Strategic Defense Initiative
The Strategic Defense Initiative (SDI), commonly called Star Wars, was a proposal made by U.S. President Ronald Reagan directly to the surprised American people in a televised addressed on March 23, 1983, to build a ground- and space-based system to protect the U.S. from nuclear ballistic missiles. The system has not yet been fully set up, but the research from this paved the way for the anti-ballistic missile systems of today, including the Patriot missile that provided the defense against Iraqi Scud missiles launched against American forces and Israel during the Gulf War. It is believed by some experts that panic among the leadership of the Soviet Union about SDI contributed to their financial and political collapse. (The Soviet Union was dominated by a hopeless atheistic, communist mindset.)
Phyllis Schlafly advocated for a missile defense system beginning as early as 1966, nearly two decades before Reagan adopted it. In a speech in October 1966, Phyllis Schlafly urged globalist Robert McNamara to drop his opposition to the Nike X missile defense program:
|“||American technological genius has developed a marvelous new weapon which can give us the anti-missile defense we need. It is called the Nike X. It has been developed. and thoroughly tested, so that we know it is reliable and ready to go Into production. It consists of three parts. First there is MAR, or multi-function array radar, which is what separates the real missiles from the decoys. Then there is the Zeus, the long-range missile which goes out Into space and kills the enemy missile before it hits us. Finally, there is the Sprint, the short range missile which goes up and kills any enemy missile which might have gotten past Zeus. We have already spent a great sum of money in developing and testing the Nike X, under the direction of General Austin Betts, and it is ready to put into production. This Nike X has been unanimously recommended by the U.S. Joint Chiefs of Staff since early 1965. It has the near-unanimous support of the United States Congress. In May of this year, the House Armed Services Committee of 38 members. released a unanimous report which was an across-the-board indictment of the McNamara policies and specifically recommended appropriations to proceed with engineering on the Nike X. When this was presented to the Congress of the United States, it passed the House of Representatives by a vote of 356 to 2. and it passed the Senate by a vote of 81 to 1. But in spite of the fact that this weapon has been unanimously endorsed by the U.S. Joint Chiefs of Staff for more than a year, and has received this remarkable unanimity of support in Congress, Secretary McNamara and his clique of gravediggers are determined that we shall not have it. He is refusing to spend the money and is opposing the building of the anti-missile defense we need.||”|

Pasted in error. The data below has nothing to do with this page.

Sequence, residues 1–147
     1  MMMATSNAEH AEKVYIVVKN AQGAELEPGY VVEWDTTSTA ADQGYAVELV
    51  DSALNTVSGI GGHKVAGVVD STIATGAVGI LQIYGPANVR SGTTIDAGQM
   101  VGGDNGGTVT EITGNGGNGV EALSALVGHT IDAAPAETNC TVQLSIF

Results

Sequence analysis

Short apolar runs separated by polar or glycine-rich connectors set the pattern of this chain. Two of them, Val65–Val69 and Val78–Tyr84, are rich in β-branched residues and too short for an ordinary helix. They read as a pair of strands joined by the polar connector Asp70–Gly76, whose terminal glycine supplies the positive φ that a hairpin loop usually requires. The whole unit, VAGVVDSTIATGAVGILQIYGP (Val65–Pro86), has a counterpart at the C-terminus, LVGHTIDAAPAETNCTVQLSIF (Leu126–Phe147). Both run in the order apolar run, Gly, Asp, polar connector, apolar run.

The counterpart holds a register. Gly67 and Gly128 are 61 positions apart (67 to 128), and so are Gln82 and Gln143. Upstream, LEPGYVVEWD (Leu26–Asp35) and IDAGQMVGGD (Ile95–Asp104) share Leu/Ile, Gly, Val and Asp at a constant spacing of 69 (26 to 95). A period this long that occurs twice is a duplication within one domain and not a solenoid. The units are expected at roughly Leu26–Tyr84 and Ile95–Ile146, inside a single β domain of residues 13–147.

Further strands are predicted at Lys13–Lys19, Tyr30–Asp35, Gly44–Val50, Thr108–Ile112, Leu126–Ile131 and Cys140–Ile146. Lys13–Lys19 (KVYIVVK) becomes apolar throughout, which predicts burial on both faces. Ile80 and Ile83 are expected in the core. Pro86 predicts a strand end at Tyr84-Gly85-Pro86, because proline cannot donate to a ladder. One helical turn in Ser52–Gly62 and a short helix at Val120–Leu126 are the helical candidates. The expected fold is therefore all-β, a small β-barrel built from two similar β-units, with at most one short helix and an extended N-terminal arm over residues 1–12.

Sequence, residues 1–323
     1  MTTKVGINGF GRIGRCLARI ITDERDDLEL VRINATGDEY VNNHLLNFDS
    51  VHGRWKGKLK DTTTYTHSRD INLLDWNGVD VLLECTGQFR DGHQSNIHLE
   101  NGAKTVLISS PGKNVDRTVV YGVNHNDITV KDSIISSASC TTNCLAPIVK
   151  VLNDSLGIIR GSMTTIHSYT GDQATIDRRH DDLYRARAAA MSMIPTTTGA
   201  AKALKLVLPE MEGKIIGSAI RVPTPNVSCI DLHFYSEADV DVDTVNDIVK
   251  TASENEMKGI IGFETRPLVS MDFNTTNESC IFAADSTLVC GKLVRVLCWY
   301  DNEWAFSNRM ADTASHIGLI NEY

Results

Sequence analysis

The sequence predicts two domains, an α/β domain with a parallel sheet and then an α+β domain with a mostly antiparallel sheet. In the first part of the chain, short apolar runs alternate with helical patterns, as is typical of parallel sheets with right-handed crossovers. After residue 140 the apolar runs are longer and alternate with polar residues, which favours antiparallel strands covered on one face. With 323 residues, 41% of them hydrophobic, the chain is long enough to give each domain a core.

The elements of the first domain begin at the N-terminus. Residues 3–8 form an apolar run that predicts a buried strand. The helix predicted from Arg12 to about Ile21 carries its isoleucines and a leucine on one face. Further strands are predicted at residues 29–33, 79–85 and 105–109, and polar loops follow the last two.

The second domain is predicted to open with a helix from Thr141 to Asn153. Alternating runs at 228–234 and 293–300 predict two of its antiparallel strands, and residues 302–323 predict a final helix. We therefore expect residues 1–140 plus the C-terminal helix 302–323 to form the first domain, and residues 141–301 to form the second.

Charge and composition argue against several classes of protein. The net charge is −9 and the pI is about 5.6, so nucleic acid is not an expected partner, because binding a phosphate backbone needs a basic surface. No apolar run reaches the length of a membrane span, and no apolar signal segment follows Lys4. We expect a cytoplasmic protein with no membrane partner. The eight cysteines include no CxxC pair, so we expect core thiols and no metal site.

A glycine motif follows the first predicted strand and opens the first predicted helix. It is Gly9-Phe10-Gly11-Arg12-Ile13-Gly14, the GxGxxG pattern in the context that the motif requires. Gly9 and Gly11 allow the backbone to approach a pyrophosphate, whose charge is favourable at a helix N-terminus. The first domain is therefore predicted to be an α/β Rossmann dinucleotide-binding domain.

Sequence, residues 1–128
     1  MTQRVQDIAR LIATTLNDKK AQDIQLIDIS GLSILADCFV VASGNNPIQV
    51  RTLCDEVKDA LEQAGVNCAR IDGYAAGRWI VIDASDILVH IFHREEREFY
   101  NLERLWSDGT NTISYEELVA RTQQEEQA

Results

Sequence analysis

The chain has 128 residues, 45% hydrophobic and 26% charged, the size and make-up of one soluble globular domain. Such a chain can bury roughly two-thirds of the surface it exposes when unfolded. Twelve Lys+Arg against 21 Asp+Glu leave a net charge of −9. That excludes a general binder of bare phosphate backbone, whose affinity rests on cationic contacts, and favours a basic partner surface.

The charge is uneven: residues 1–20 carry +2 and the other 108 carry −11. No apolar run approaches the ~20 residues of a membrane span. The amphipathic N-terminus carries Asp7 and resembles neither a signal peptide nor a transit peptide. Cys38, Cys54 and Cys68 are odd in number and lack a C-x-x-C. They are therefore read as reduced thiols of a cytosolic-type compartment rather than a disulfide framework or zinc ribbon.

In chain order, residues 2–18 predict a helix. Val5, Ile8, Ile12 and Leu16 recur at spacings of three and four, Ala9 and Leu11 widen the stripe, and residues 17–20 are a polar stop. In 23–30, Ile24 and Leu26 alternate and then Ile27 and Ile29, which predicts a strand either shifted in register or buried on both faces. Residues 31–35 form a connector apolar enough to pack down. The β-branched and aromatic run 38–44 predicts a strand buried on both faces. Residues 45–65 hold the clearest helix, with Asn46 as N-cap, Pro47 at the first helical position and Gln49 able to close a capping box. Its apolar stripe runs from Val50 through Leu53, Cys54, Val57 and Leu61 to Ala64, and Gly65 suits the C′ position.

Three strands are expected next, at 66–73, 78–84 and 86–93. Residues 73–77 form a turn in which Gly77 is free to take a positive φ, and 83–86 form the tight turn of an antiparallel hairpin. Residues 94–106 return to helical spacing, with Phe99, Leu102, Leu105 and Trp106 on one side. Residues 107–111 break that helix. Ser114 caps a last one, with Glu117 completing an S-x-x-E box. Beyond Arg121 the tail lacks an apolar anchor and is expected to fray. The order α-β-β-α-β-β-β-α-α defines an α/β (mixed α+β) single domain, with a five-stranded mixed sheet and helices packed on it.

SDI was a major component of the Reagan Doctrine in foreign policy, designed to push the Soviets to its limits and beyond into collapse.
Goals of SDI
The basic goal of SDI was to intercept and destroy incoming nuclear ballistic missiles to prevent detonation over the U.S. In some scenarios, not all warheads would be intercepted, but enough would be to render mutually assured destruction moot. In the scenario of "partial protection", the U.S. would be immune from complete destruction, which would deter the USSR from launching a first strike. Also see game theory.
Components of SDI
There are a limited number of ways to prevent a ballistic missile from detonating over one's territory. A brief primer on nuclear attack will help explain the problems to be solved.